The first episode I listened to featured Elizabeth Cutler and Julie Rice, founders of the stationary bike studio, SoulCycle. They originally founded the studio because no existing gym classes really appealed to them; they didn’t have a niche that they liked, but they still wanted to work out and stay active. The business grew and scaled from their first studio in New York in 2006 to about 90 studios today in the US and Canada. The popular fitness studio has “cultivated a near-tribal devotion among its clients.” When they sold the business to a larger company, they each made $90 million.

The second episode featured another multimillion dollar company, Barre3. Founded by Sadie Lincoln in 2008, the company is based around a fitness class that blends ballet, pilates, and yoga. The company has since expanded to 33 states. Lincoln was inspired to found a barre studio because she found herself working out every day, running on the treadmill and counting calories, but not really feeling the benefits. Thinking that the current fitness options were failing her and assuming that others felt the same way, she set out to change that.

It seems as if a common motivation amongst these founders and entrepreneurs in the fitness space is to turn exercise classes into something that would be motivational and aspirational for clients. Exercise classes do not always have to feature an instructor who screams and swears like a bootcamp sergeant, but can instead focus more on energy and wellness. These founders also recognize that each class can be made better, focusing on each hour, instead of the flat-rate membership at a regular gym, where you won’t necessarily feel compelled or want to go.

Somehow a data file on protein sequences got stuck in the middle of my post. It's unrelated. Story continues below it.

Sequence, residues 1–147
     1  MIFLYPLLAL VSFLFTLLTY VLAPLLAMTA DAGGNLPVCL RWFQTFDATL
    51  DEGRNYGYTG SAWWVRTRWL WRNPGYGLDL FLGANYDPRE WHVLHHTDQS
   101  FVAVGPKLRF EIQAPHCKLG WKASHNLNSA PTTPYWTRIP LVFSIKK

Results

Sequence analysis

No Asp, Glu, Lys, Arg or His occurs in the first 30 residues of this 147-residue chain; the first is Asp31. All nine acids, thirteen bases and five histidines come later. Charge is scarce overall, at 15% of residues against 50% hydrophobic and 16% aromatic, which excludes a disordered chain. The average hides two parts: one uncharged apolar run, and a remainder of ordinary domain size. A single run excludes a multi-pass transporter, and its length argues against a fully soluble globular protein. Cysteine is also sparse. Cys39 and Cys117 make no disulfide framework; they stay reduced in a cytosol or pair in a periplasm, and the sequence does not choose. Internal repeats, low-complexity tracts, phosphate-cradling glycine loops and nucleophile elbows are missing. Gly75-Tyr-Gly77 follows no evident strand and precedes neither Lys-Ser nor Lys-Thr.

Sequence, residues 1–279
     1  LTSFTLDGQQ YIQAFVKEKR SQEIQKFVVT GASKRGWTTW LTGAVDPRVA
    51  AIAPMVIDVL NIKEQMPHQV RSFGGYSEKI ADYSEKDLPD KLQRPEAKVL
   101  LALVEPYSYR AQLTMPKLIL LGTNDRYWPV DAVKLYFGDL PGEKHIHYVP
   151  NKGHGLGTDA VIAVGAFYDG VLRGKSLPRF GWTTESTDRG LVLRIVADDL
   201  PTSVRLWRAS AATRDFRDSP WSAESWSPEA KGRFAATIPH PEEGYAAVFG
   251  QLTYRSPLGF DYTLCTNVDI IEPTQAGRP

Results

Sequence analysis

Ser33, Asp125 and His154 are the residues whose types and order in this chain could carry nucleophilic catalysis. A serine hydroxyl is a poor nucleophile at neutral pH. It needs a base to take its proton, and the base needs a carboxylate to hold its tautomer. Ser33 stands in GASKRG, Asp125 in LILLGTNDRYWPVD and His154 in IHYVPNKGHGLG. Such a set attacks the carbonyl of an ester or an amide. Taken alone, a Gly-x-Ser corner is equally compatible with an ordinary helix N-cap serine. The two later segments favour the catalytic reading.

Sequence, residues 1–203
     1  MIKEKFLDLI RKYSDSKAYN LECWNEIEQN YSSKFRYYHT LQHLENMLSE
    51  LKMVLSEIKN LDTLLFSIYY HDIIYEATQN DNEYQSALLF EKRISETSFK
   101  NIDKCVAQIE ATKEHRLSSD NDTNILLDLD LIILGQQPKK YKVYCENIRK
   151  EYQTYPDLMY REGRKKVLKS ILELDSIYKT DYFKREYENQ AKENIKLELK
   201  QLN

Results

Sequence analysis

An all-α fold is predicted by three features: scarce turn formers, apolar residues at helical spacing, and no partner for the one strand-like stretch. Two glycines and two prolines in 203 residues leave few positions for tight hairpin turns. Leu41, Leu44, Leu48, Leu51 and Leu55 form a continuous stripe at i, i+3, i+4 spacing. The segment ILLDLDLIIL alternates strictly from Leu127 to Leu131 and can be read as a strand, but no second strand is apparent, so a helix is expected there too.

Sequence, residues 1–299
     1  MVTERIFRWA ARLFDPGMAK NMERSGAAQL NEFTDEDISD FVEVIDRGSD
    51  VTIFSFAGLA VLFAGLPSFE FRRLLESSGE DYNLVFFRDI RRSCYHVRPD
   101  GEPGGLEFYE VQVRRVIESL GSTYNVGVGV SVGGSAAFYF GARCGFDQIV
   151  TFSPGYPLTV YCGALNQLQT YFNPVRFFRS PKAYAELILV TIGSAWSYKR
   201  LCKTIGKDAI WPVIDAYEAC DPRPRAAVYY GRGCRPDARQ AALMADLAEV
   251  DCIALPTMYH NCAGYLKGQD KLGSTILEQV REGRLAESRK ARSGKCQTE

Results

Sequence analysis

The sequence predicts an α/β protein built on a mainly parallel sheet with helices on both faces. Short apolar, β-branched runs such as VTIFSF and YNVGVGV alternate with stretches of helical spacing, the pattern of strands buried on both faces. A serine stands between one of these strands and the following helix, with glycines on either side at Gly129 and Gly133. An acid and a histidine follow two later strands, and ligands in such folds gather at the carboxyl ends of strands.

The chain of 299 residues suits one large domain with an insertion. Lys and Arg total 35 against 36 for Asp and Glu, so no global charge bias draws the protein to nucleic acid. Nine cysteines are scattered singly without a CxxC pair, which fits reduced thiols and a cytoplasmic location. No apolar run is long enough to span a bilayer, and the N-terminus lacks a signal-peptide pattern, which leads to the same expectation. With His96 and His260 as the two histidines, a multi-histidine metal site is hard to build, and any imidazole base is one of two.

Although many of the predictions are rosy for boutique fitness, one consumer analyst noted another cycling studio’s recent price cuts as a precursor of things to come for the industry. Competition is growing. And not just from the studio two blocks away. Luxury at-home workout options like Peloton (giving you the option to work out in the comfort and convenience of your own home) could also present a significant threat.

Questions to Consider:

  • Is the boutique fitness “craze” a bubble that is going to burst in the next few years or is it truly the workout of the future? In other words, is this still an Entrepreneur’s Paradise or is it already becoming an oversaturated market?
  • Will the studios eventually have to lower margins and modify some of the draconian cancellation policies to compete, both with other studios and with at-home fitness options such as Peloton? Or do these options appeal to different types of consumers entirely?
  • Will boutique fitness affect the healthcare industry, specifically insurance? Should employers be willing to cover or subsidize the costs of boutique fitness classes versus a regular gym?
  • Can we see future partnerships with fitness-tracker companies such as Fitbit and Whoop, etc.?
  • As Courtney mentioned in her post/discussion last week, are some of these companies trying to “do too much” and where is the line?